The opening performance of our National Player’s Tour 71 show Walk Two Moons happened on August 10th! Walk Two Moons follows thirteen year-old Sal’s journey through both space and memory as she embarks on a seven day, 2,000 mile road trip across nine states with her grandparents. The narrative jumps between the present road trip, Sal’s years growing up on a farm in Bybanks, Kentucky, and the most recent year of her life, which she spent in Euclid, Ohio.
Adapted by Tom Arventis, Walk Two Moons is based on the Newbery Medal-Winning novel of the same name by Sharon Creech. Among other sources of inspiration, Creech drew heavily from elements of her childhood. When Creech was twelve, her family took a five-day road trip from Ohio to Idaho along a route not dissimilar from the one Sal takes in Walk Two Moons. The places that are important to Sal were also important to Creech. Here’s a deeper look into two of the key settings in Walk Two Moons.
“I have lived most of my thirteen years in Bybanks, Kentucky, which is not much more than a caboodle of houses roosting in a green spot alongside the Ohio River” – Walk Two Moons, page 1 (novel)
Bybanks isn’t a real place…but it is based on one. Growing up, Creech spent a great deal of time on her cousins’ farm in the unincorporated community of Quincy in Lewis County, Kentucky. She enjoyed her time there so much that she transformed it into the fictive Bybanks.
The real town of Quincy is located northwest of Garrison, southwest of Firebrick, and across the Ohio River from Friendship, which are all comparably sized unincorporated communities. The nearest city is Vanceburg, which is located over ten miles away. At the time Creech wrote Walk Two Moons, Quincy had under two hundred residents. In the last two and a half decades, the community has grown considerably: it is now home to just over one thousand people.
Many of Sal’s fondest childhood memories come from her time in the woods surrounding the farm. Although much of the land has been deforested, the area along the Ohio River where Sal lives is Riparian forest—a fancy way to say “wooded area adjacent to the water.” The most dominant species of trees are silver maple, cottonwood, black willow, and sycamore. Just a handful of the other trees and plants include: slippery elms, river birch, hickories, sweet gum, black walnut, dogwoods, elderberry, and Virginia creeper.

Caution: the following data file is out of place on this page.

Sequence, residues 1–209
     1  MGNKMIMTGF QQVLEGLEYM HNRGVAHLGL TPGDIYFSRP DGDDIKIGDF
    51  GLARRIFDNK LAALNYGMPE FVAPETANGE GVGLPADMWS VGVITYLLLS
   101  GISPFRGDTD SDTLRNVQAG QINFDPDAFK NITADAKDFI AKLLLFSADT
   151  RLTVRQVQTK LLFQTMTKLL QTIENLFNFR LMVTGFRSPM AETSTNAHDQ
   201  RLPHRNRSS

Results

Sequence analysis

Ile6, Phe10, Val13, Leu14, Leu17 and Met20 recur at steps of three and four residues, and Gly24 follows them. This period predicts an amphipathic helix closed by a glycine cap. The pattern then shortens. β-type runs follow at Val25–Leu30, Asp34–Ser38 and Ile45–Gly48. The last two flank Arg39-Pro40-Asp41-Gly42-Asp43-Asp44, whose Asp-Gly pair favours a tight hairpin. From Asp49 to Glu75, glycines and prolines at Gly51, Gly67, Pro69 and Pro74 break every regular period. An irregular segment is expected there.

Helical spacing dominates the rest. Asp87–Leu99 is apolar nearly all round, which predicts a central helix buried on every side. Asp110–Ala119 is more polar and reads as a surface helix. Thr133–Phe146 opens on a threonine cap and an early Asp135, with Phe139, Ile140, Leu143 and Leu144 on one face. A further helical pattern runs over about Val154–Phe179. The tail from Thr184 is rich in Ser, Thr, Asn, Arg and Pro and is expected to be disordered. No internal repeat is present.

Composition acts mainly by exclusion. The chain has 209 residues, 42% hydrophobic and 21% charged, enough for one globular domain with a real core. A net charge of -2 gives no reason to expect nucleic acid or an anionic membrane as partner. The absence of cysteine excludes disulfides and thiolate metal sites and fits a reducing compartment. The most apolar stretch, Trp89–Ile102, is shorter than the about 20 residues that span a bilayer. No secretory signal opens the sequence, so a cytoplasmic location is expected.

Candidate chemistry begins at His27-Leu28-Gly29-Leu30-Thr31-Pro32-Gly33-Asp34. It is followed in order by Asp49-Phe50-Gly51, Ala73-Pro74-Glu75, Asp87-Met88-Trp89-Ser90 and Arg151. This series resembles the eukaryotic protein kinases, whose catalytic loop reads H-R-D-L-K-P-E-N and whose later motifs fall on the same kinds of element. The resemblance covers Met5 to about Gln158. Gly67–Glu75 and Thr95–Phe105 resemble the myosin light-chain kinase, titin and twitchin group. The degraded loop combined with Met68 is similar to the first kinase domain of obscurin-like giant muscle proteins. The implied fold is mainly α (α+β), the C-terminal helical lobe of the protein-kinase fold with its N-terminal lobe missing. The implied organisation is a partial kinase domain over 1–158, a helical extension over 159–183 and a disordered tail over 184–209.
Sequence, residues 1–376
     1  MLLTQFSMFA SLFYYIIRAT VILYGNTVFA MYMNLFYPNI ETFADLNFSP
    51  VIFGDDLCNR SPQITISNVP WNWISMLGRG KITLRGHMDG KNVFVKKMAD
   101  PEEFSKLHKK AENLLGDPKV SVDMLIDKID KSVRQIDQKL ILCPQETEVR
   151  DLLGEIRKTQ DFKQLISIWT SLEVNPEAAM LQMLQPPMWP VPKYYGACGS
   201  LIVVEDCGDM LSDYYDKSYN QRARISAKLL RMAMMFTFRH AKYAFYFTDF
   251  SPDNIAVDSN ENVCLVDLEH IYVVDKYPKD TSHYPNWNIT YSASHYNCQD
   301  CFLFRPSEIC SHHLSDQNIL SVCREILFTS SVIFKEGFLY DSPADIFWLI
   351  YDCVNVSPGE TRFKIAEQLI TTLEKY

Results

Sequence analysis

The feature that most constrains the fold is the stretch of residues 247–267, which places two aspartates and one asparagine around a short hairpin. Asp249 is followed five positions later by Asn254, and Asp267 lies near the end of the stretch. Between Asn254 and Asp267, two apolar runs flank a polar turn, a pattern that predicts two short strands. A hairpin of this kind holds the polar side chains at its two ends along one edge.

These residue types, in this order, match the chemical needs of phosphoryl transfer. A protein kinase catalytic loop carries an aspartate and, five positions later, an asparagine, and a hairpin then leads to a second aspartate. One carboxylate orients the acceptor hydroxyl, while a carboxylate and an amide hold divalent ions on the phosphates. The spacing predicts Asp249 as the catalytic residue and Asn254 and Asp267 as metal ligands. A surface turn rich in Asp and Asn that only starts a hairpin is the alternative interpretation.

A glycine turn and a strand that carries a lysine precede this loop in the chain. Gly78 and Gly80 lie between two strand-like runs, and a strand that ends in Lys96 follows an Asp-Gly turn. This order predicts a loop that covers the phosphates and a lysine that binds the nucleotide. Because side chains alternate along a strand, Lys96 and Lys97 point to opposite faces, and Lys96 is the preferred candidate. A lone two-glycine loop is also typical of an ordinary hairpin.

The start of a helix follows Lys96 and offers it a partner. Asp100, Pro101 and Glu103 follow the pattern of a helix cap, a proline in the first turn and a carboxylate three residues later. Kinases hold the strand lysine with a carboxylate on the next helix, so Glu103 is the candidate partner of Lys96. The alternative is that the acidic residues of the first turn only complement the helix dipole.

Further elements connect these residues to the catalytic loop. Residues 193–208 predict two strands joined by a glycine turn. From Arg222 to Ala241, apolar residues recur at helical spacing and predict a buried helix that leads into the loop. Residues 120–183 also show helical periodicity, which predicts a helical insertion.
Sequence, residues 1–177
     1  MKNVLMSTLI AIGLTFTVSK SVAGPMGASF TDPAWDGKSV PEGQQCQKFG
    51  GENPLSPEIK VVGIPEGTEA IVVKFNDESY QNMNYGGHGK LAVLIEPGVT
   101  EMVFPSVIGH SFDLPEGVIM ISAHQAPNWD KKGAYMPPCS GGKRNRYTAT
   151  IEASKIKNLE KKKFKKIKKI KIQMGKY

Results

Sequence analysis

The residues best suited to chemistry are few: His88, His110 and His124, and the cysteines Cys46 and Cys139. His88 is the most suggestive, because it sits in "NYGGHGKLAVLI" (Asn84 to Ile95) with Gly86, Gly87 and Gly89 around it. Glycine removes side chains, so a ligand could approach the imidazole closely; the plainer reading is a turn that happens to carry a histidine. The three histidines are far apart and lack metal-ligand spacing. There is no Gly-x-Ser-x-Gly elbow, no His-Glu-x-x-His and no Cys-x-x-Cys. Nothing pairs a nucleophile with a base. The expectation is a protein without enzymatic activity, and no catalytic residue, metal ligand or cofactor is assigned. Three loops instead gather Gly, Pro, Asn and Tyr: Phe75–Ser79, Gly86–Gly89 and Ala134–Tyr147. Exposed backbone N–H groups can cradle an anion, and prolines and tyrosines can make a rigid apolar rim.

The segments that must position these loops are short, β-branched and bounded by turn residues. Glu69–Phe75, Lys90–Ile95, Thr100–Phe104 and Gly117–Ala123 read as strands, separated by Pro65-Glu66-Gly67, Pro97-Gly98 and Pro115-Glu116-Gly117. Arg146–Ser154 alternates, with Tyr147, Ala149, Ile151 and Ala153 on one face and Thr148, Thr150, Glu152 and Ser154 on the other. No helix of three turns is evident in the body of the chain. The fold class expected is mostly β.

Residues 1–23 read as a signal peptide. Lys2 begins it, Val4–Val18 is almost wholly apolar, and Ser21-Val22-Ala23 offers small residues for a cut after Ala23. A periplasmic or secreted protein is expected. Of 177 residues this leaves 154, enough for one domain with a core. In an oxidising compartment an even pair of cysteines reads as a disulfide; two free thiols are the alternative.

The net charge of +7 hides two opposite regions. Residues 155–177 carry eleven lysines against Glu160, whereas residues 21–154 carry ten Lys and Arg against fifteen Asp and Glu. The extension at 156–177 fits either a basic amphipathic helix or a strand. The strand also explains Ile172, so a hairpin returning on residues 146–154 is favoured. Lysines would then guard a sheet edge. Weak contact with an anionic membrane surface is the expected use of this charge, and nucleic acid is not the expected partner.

Various animals live in this region: in the river, spotted bass, freshwater drum, catfish, and sauger; on the land, mice, groundhogs, raccoons, muskrats, mink, red foxes, rabbits, fox squirrels, and white-tailed deer; in the skies, goldfinch, sparrows, swallows, northern orioles, common yellowthroats, willow flycatchers, northern harriers, and various species of warblers and owls.
“Tiny, squirt trees. Little birdhouses in a row—and one of those birdhouses was ours. No swimming hole, no barn, no cows, no chickens, no pigs. Instead, a little white house with a miniature patch of green grass in front of it. It wasn’t enough grass to keep a cow alive for five minutes…I looked out the upstairs window down into the backyard. Half of the tiny yard was a cement patio and the other half was another patch of grass that our imaginary cow would devour in two bites. There was a tall wooden fence all around the yard, and to the left and right of our yard were other, identical fenced plots” – Walk Two Moons, page 7 (novel)
Much of the story that Sal recounts to her grandparents is about Phoebe Winterbottom, Sal’s closest friend in Bybanks. When she arrives in Euclid, Sal is eminently aware of how her new home differs from the farm—there’s no watering hole or the space to raise animals, and the green spaces are much farther from her house. Sal’s descriptions of Euclid capture her dissatisfaction, focusing on its suburban conformity and the absence of all that she loved about Bybanks.
Euclid is a real inner ring suburb of Cleveland in Cuyahoga County, Ohio. As of 2010, the city had a population of 48,920. Euclid is bordered by Cleveland, South Euclid, Richmond Heights, Willowick, Wickliffe, and Willoughby Hills. Lake Erie is directly north.
Of interest to Sal would have been Euclid Creek Reservation, which is a part of Euclid and expands through neighboring cities. A city managed park, Euclid Creek is home to wooded hills of rock chestnut oaks, as well as Euclid Creek, a 43-mile stream with headwaters in Willoughby Hills and Beachwood that feeds into Lake Erie.